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Swords of Legends Online Review In Progress

Joseph Bradford Posted:
Editorials 0

Swords of Legends Online is a weird MMO for me. On one hand it is a beautiful world full of interesting locations to explore, as well as some incredibly awe-inspiring landscapes. However, the lack of a West coast server, as well as a general absence of polish throughout the MMO sours the experience thus far, making SOLO feel more like a slog than a joy for long stretches.

Don’t get me wrong: I do like the MMO overall. While I’m completely lost in spots from the story, which is based on a Chinese franchise that spans multiple media across games, television and movies, I have enjoyed the overall points. The world around you is under siege from entities seeking the Swords of Legends, injecting the world with Negative Qi. It’s a story about heroes, gods, and legendary weapons and while I’m intrigued in seeing how it progresses, I can’t help but feel lost at points.

That said, Swords of Legends Online does provide plenty to do in addition to the story quests. From its incredibly robust housing system to the PvP modes that define the later game, there is always something to strive for.

I’ve got about 20 hours into the MMO thus far for this review on my Spellsword, a class that focuses mainly on DPS, both ranged and melee, and I’ve had spurts where I felt as though I couldn’t put the MMO down. However, there are moments where I find myself dreading picking it back up purely because of the myriad issues with ping, performance and even the general lack of polish on the game.

We asked the developers about the server issues that the MMO saw at launch, and while the instability issues seem fixed, the ping on the North American server can sometimes make the MMO feel unplayable. Some days I’m seeing a ping of 95 – not great, but not earth shattering. However, more often than not I’m playing SOLO combating a ping of over 130, sometimes even approaching 200. Physically I’m on the other side of the country from the physical server (it’s in Virginia, I’m in Nevada), so there is always going to be a ping problem, but I can’t help but feel for our Oceania friends who are dealing with pings even higher.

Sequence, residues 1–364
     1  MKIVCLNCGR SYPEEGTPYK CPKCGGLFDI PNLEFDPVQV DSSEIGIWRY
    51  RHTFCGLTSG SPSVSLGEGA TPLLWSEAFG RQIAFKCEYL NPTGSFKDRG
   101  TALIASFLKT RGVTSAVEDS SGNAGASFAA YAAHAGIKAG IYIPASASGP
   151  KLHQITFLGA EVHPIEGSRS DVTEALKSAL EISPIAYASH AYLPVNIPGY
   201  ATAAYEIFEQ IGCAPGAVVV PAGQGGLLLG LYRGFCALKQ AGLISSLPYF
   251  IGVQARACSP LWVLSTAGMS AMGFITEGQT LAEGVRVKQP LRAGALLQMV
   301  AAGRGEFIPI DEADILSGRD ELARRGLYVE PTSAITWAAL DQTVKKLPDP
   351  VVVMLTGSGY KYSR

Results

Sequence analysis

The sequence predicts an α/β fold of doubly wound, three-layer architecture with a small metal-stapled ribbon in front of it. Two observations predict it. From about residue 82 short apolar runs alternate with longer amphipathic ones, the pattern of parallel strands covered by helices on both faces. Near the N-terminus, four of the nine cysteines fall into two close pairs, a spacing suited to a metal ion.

At times the ping makes the otherwise excellent combat feel unresponsive, and while my framerate might stay above 60 in most spots, the ping introduces a stutter that has, on more than one occasion given me a headache while playing.

Additionally, while the voice overs are in English now, not everything has been swapped over from the original Chinese. Oftentimes voice lines from NPCs while running around the various towns and hubs in SOLO I’ll hear conversations in Chinese, or even when enemies are responding to something I did to them. Major characters also don’t have every VO line replaced, which does break a little bit of the immersion when everything up till that point in the conversation had been in English.

On the subject of the VO, it’s not bad, but it’s nothing to call home about either. From a localization standpoint it feels like the original Chinese was translated literally with no tweaking to make the dialogue sound like natural English as well, which can be a bit off putting as well. When Final Fantasy XIV sounds archaic, it does so by design and it fits perfectly in the world – when SOLO does it, the dialogue feels out of place and the result of a poor translation.